I’m just happy to be alive -- and most grateful to you for that.  Only Gandalf , where were you -- where did you go?

            GANDALF.
To look ahead.

            BILBO.
And what brought you back here in the nick of time?

            GANDALF.
Looking behind.

            THORIN.  (Frenzied.)
More!  There must be more!
      (Seeing BILBO.)
Baggins!  Where did you find...
      (Noticing the sack in BILBO’s hands.)
What’s that?  There in the bag, Baggins?  More gold?  Keeping it for yourself, are you?!

            BILBO.
No -- only weapons, is all.

            THORIN.
I don’t believe you!  Show, then!  Share!  Everyone gets a share!
      (He shoves BILBO aside and thrusts his hand into the sack.  He screams and pulls his hand out, wounded.  DWALIN immediately steps forward to tend to THORIN’s bleeding palm.)

            GANDALF.
Bilbo did warn you, Thorin.

            BILBO.
No gold -- just a dagger and some rusty swords.

            BIFUR.  (Pulling a sword out of the sack.)
Only Thorin -- see here!

            BOMBUR.
Most extraordinary!
      (BOMBUR also pulls out a sword.  Both have silvered, jewelled scabbards and hilts.)

            THORIN.
Silver!  Jewels!  Give me!

            GANDALF.  (Stepping between BIFUR and BOMBUR and THORIN.)
Ah-ah-ah.  “Everyone gets a share.”  You Dwarves have divided the gold amongst yourselves; Bilbo Baggins and I shall settle for the swords.
      (BIFUR and BOMBUR offer swords to GANDALF and BILBO.)

            THORIN.  (To BILBO.)
You can’t be serious.  That sword’s as big as you.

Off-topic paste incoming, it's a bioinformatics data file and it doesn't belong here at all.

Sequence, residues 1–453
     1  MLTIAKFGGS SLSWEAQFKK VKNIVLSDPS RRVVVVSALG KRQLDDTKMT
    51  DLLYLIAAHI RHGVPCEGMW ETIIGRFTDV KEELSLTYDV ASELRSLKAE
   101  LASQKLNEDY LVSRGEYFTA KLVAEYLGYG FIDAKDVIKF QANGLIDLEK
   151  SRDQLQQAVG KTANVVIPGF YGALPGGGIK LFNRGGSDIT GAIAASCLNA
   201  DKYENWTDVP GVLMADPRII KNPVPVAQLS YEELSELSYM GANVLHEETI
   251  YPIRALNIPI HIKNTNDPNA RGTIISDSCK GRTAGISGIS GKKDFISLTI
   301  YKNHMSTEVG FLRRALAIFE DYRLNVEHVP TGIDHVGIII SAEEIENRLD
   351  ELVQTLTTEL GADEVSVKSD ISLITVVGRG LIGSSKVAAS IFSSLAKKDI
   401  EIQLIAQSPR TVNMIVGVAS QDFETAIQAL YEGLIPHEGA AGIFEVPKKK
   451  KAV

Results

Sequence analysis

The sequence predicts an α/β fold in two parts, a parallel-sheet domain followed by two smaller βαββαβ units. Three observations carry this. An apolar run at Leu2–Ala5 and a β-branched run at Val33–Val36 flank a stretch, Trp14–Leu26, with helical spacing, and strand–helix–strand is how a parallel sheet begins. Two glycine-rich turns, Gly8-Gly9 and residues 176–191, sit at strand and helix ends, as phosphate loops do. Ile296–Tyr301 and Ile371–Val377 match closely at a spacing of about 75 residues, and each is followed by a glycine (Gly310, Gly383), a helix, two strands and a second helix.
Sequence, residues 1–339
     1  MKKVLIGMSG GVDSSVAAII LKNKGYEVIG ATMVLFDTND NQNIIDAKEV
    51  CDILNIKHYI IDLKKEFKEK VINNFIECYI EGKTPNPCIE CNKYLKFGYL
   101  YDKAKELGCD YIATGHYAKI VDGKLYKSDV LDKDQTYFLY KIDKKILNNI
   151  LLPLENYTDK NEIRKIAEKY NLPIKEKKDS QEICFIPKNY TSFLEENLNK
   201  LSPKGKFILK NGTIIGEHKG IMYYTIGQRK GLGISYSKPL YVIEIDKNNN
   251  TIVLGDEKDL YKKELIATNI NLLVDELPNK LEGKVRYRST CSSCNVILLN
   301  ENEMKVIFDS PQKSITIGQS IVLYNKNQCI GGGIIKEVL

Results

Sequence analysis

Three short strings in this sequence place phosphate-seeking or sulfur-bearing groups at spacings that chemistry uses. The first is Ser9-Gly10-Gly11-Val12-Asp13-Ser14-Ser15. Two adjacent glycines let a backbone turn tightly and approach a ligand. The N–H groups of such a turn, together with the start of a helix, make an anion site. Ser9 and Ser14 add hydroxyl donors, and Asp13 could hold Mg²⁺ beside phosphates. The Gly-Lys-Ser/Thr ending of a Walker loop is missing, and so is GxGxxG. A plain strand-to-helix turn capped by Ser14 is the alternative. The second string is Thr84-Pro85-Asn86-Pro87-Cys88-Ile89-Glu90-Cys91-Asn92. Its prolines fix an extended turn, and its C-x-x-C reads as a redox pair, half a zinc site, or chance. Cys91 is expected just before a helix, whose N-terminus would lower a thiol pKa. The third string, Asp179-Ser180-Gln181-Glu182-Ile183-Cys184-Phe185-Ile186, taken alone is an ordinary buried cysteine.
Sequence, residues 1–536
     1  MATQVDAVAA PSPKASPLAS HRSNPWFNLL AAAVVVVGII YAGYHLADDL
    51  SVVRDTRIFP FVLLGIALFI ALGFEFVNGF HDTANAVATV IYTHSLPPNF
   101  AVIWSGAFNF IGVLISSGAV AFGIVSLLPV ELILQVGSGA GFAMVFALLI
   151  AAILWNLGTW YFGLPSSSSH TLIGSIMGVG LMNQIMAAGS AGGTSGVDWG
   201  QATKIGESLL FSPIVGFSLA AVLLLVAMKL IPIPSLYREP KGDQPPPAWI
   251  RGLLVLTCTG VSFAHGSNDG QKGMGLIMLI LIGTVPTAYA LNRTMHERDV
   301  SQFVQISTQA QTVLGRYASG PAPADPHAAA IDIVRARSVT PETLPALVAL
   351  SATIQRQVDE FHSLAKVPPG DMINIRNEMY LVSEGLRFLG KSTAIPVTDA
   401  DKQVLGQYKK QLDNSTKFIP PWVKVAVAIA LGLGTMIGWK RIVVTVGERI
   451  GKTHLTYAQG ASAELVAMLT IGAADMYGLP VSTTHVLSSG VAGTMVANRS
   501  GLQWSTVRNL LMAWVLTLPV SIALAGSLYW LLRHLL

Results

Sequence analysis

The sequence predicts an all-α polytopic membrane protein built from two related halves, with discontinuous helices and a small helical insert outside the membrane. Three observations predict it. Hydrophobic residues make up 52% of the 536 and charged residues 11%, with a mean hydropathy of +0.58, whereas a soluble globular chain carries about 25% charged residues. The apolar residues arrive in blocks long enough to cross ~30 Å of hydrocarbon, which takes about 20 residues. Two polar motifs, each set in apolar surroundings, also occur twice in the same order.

BILBO.
True.  There is another blade.
      (Sets sword on ground; pulls dagger out of the sack.)
A dagger.  This suits me better, Gandalf, don’t you think?
     
            GANDALF.  (A shrug, a nod.)
Only mind the blood.

            THORIN.
My blood.
      (As BILBO wipes the blade with sack, grabbing BILBO’s discarded sword.)
And so this...?

            GANDALF.
Quite suitable for a king, I should think.
      (THORIN chuckles in delight and boastfully displays his new sword to all.)
You’ll notice there are words engraved on our weapons -- ancient runes carved into the metal.  I’ll wager these blades are Elvin-make -- and maybe magical.

            BILBO.  (Looking in awe at his dagger.)
“Magical?!”
            GANDALF.
I said “maybe.”  We’ll want to ask Elrond.

            BILBO.
Elrond?
            GANDALF.
A dreadfully dear friend of mine.  Elrond is the Elf-lord of Rivendell.
            BILBO.
“Elf-lord of” what?

            GANDALF.
Of Rivendell.  Our next destination.
      (Music.  Scene shift.  GANDALF and BILBO turn and follow the DWARVES who have started off behind THORIN, who proudly holds high his new weapon.)




Act I, Scene v.

      (Rivendell.  A perfect midsummer’s night.  A moon shines clear over the valley, fireflies twinkle in the glade, stars glisten above.  ELVES welcome the “lesser” DWARVES -- once the scene is established, ELROND will enter, followed by GANDALF, THORIN, BILBO and Elrond’s daughter ARWEN.)

            ELVES.  (Singing.)
O!  WHERE ARE YOU GOING, AND WHAT ARE YOU AFTER?
THE RIVER IS FLOWING!  COME JOIN IN THE LAUGHTER!
O!  TRA-LA-LA-LALLY, HERE DOWN IN THE VALLEY!

O!  WHERE ARE GOING WITH BEARDS ALL A-WAGGIN’?
NO KNOWING, NO KNOWING WHAT BRINGS MISTER BAGGINS
AND BALIN AND DWALIN DOWN INTO THE VALLEY IN JUNE.

O!  WILL YOU BE STAYING OR WILL YOU BE FLYING?
NO NEED TO GO STRAYING!  THE DAYLIGHT IS DYING!
TO FLY WOULD BE FOLLY, TO STAY SHOULD BE JOLLY
SO REST HERE AND HARK TILL THE END OF THE DARK TO OUR TUNE.

            ELROND.  (Examining GANDALF’s sword.)